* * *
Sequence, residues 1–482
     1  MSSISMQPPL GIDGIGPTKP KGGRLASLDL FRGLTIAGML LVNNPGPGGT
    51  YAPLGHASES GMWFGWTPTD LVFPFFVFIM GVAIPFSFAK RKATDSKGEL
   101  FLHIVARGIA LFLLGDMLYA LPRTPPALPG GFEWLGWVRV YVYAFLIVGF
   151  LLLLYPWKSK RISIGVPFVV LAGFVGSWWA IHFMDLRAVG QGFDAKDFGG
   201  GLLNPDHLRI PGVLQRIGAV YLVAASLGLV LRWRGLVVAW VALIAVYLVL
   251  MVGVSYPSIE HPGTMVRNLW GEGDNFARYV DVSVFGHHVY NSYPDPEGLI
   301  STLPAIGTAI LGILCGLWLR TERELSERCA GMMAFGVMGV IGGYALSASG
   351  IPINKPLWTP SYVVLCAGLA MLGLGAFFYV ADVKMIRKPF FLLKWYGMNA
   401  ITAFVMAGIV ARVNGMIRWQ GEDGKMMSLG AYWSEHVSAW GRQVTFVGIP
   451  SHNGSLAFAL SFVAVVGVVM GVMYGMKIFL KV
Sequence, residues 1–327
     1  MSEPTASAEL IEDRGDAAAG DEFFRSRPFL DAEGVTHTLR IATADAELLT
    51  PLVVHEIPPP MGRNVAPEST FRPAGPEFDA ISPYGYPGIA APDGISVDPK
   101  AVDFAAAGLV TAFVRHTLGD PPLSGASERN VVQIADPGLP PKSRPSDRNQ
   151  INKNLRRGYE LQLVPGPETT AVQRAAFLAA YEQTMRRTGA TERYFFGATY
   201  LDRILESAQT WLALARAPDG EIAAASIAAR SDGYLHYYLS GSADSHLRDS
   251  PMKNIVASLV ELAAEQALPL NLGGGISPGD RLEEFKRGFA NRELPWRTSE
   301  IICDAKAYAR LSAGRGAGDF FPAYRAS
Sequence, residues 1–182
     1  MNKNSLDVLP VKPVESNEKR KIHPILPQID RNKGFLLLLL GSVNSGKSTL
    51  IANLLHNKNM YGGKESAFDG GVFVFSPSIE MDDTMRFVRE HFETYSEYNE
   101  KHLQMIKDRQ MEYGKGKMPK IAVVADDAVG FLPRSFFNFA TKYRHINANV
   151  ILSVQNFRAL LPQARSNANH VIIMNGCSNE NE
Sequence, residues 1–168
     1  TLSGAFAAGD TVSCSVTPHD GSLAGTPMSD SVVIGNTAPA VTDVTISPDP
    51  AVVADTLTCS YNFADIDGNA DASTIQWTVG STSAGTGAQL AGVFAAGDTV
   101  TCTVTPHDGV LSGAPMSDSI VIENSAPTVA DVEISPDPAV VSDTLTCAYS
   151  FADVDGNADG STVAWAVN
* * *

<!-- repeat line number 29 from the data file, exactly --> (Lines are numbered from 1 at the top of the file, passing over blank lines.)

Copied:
   151  FADVDGNADG STVAWAVN